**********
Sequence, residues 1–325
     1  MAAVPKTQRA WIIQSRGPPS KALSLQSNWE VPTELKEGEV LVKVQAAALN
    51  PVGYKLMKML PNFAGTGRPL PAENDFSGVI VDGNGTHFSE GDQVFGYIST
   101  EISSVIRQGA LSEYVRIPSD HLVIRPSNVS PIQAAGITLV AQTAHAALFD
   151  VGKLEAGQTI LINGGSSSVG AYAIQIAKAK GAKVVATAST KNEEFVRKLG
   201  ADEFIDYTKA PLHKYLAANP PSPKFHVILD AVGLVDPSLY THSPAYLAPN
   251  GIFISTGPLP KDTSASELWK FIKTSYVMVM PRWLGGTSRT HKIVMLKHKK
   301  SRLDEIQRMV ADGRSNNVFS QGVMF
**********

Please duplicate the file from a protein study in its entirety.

Sequence, residues 1–325
     1  MAAVPKTQRA WIIQSRGPPS KALSLQSNWE VPTELKEGEV LVKVQAAALN
    51  PVGYKLMKML PNFAGTGRPL PAENDFSGVI VDGNGTHFSE GDQVFGYIST
   101  EISSVIRQGA LSEYVRIPSD HLVIRPSNVS PIQAAGITLV AQTAHAALFD
   151  VGKLEAGQTI LINGGSSSVG AYAIQIAKAK GAKVVATAST KNEEFVRKLG
   201  ADEFIDYTKA PLHKYLAANP PSPKFHVILD AVGLVDPSLY THSPAYLAPN
   251  GIFISTGPLP KDTSASELWK FIKTSYVMVM PRWLGGTSRT HKIVMLKHKK
   301  SRLDEIQRMV ADGRSNNVFS QGVMF